STILL LIFE ON A WINDOW LEDGE, 1993

Important Australian Works of Art from the Estate of the late James O. Fairfax AC
Sydney
30 August 2017
23

JUSTIN O'BRIEN

(1917 – 1996)
STILL LIFE ON A WINDOW LEDGE, 1993

oil on paper on board

48.0 x 33.0 cm

signed lower right: O’BRIEN

Estimate: 
$30,000 – 50,000
Provenance

Australian Galleries, Sydney
The Estate of the late James O. Fairfax AC, New South Wales and Bridgestar Pty Ltd, Sydney, acquired from the above in 1993

Exhibited

Paintings by Justin O’Brien, Australian Galleries, Sydney, 26 – 31 July 1993, cat. 18 (label attached verso)
Justin O’Brien: The Sacred Music of Colour, Art Gallery of New South Wales, Sydney, 18 December 2010 – 27 February 2011, cat. 94

Literature

France, C., Justin O’Brien: Image and Icon, Craftsman House, Sydney, revised edition, 1997, pl. 37, pp. 36, 114, 115 (illus.), 168
Pearce, B. and Wilson, N., Justin O’Brien: The Sacred Music of Colour, exhibition catalogue, Art Gallery of New South Wales, Sydney, 2010, pl. 64, pp. 144, 153 (illus.), 160

Catalogue text

Still Life on a Window Ledge, 1993 is a superb example of Justin O’Brien’s late series of ‘window paintings’. By 1993, O’Brien was residing permanently in the Papal city, undertaking daily trips to the Vatican and visiting the Vatican Museums in which one of his paintings now hangs. The epitome of O’Brien’s naturalism, this still life is an exercise in mimesis and challenges the very purpose of pictorial representation. Remaining steadfast to his resolve to paint physical, terrestrial beauty, O’Brien worked tirelessly into his eighth decade, through the last years of his life in Italy.

Still Life on a Window Ledge is a carefully considered study, delicately detailed and vibrantly coloured. The vision is of the window of his apartment close to Via Alberico II, within the old city center of the Italian capital, a stone’s throw from the roman Castel Sant’Angelo on the banks of the river Tiber.1 Whilst it is similar in composition to other ‘window paintings’ by the artist – in particular The Window No. 2, 1978, formerly of the David Clark AO Collection – the world beyond the window frame is undeniably Roman, populated by towering cedar trees and date palms heavy with fruit. The rich terracotta and cream colouring of the façade of the neighbouring building, along with its colonnade crown, also point to its carefully recorded geographical setting. The same verdant view appears in several of O’Brien’s paintings of the period, including Woman against a Window, 1993, Summer Afternoon, 1993, and Young Girl in a Mantilla, 1995. In his last interview with Christine France, published in the revised edition of her monograph, O’Brien expressed his enjoyment of the ‘much better view… which has beautiful trees in the courtyard and from the back I look onto the Nigerian Embassy’.2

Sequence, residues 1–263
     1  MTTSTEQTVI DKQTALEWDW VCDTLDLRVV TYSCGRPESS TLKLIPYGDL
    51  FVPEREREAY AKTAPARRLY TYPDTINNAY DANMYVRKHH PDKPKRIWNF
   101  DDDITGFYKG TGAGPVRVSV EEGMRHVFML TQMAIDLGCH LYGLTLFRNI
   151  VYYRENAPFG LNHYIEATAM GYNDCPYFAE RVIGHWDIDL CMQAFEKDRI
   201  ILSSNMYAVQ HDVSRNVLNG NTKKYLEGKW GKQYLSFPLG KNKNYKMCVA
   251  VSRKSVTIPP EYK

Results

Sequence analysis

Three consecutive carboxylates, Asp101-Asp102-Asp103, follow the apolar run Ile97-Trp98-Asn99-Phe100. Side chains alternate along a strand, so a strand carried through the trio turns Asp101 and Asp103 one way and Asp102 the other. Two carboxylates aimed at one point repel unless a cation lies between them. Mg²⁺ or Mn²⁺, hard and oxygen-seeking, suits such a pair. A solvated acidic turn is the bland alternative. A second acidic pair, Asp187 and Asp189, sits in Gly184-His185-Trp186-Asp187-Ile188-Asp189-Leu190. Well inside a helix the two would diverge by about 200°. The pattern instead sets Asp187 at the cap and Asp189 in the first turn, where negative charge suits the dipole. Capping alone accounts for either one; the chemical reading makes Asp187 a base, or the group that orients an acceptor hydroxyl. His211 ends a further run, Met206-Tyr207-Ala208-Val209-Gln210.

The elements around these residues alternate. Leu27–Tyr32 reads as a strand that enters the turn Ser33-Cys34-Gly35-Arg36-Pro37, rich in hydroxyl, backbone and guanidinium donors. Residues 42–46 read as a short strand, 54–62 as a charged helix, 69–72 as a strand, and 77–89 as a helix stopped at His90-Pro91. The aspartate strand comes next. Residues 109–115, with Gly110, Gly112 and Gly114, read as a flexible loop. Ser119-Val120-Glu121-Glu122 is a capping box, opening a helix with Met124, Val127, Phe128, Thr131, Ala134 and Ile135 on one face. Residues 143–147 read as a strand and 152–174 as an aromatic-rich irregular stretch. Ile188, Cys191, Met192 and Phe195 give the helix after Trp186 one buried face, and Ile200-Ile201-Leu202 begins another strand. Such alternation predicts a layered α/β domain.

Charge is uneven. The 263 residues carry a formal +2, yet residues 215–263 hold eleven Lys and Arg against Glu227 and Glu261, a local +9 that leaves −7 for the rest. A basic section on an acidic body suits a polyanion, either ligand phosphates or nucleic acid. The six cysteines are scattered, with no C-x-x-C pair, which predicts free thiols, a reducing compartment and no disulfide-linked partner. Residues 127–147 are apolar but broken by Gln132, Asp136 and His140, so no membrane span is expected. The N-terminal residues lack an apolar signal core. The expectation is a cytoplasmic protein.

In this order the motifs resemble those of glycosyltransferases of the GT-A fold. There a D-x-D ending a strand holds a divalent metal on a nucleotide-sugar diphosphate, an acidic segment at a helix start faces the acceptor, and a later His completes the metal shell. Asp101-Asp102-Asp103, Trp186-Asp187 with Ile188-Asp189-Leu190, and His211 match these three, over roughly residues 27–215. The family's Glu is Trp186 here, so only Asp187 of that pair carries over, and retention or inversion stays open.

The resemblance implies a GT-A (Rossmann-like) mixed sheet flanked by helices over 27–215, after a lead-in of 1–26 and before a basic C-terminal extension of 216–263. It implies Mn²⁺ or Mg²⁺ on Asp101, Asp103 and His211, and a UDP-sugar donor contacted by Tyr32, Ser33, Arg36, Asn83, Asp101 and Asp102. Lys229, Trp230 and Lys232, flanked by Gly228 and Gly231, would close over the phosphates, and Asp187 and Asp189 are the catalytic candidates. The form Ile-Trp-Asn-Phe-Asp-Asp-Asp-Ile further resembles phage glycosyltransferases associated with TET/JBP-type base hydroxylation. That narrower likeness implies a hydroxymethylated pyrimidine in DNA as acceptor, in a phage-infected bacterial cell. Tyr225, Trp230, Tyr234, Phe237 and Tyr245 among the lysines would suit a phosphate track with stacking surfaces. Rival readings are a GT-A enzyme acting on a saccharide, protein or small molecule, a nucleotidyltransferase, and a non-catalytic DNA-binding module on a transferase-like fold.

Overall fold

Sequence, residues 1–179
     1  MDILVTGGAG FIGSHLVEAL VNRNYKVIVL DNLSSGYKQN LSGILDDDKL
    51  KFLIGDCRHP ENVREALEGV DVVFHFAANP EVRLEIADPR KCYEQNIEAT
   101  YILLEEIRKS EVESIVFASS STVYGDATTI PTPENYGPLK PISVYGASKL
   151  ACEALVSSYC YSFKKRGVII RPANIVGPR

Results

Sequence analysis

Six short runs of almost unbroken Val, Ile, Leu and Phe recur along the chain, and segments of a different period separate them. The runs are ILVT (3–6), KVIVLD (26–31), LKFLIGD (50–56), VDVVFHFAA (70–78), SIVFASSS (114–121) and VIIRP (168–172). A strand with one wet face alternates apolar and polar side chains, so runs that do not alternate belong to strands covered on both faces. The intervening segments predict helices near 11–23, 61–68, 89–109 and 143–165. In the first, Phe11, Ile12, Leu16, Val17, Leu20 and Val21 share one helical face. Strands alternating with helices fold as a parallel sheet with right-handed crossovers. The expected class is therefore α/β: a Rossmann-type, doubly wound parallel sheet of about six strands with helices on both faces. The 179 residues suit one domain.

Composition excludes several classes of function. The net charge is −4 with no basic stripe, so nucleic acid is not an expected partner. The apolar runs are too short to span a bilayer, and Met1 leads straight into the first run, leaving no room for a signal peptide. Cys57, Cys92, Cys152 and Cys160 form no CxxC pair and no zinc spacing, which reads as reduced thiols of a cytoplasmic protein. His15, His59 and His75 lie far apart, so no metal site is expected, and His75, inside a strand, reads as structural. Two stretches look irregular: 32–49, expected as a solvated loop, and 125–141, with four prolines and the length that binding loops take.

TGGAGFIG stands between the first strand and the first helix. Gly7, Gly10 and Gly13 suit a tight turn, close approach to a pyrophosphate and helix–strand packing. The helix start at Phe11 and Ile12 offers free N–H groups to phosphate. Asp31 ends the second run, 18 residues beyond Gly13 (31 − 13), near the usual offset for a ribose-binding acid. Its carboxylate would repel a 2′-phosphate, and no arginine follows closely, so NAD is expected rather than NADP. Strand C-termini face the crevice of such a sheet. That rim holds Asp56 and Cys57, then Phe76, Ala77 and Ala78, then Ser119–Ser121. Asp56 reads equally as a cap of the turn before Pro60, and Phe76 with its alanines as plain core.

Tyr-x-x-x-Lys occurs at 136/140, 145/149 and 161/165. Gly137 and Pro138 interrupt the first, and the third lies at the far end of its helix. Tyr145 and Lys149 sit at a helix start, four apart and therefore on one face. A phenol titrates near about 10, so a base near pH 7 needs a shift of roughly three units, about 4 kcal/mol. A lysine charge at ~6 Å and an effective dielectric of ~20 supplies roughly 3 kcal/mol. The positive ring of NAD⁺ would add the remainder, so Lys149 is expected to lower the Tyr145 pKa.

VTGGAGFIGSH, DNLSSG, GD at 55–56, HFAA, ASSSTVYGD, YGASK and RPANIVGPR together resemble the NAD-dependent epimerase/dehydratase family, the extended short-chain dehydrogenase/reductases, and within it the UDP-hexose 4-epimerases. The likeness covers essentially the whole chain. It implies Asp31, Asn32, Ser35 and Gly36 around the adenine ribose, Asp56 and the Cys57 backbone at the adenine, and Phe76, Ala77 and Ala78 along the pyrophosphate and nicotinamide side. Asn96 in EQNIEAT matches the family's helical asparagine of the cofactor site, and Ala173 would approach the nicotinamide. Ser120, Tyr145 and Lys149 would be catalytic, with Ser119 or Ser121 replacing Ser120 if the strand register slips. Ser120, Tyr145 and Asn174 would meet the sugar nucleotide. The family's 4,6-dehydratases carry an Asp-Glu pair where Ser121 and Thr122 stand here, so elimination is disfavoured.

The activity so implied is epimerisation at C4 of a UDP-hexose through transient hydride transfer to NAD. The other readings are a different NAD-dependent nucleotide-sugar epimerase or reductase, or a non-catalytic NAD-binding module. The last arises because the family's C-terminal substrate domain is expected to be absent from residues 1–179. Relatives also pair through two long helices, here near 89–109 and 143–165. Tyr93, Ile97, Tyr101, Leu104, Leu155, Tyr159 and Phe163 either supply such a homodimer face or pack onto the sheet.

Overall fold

The arrangement of an offering of fruit on the windowsill, the still life subject of this painting, is simple and evocative and brings the work of Cézanne to mind. The velvety surfaces of the fruit are immediately apparent against the coarse texture of the window frame and sill. Presenting a convincing facsimile of a physical window frame, O’Brien’s execution of this vision is a near flawless trompe l’oeil. Still Life on a Window Ledge seems to radiate the warmth and fragrance of an Italian summer – one can almost hear the chirping of cicadas. In this calm abundance, O’Brien has captured the serenity of a spiritual life and invites its quiet contemplation.

O’Brien was an artist who was always in close stylistic discussion with the great artists of Western art history. The strong emphasis on tight linear composition, a smooth and flat finish and vibrant pure colours are all aspects that he gleaned not from his antipodean peers but from key figures of the Italian Renaissance. The polished restraint that pervades his pictures can be likened to the passionless exactitude of these Italian masters, in particular Piero della Francesca, who used colour and light to translate divine providence in his compositions. For a collector who had turned his attention to the Old Masters, Still Life on a Window Ledge was a contemporary acquisition in perfect harmony with the final iteration of the Fairfax collection.

Purchased from O’Brien’s second last solo commercial exhibition, Still Life on a Window Ledge is the last painting by the artist that James Fairfax bought. Throughout their respective lives, Fairfax remained fast friends with the artist, meeting him regularly during his trips to Rome and Greece. Carefully set aside in an album at Retford Park is a photograph taken at the opening of O’Brien’s show at Australian Galleries, the artist and the collector in deep conversation on either side of this painting, freshly resplendent on the wall of the gallery.

1. Grishin, S., ‘An Australian Painter in Rome: Justin O’Brien’, Art and Australia, Sam Ure Smith at the Fine Arts Press, Sydney, vol. 21, no. 4, Winter 1984, p. 493
2. France, C., Justin O’Brien: Image and Icon, Craftsman House, Sydney, revised edition, 1997, p. 36

LUCIE REEVES-SMITH
Sydney Gallery Manager
Deutscher and Hackett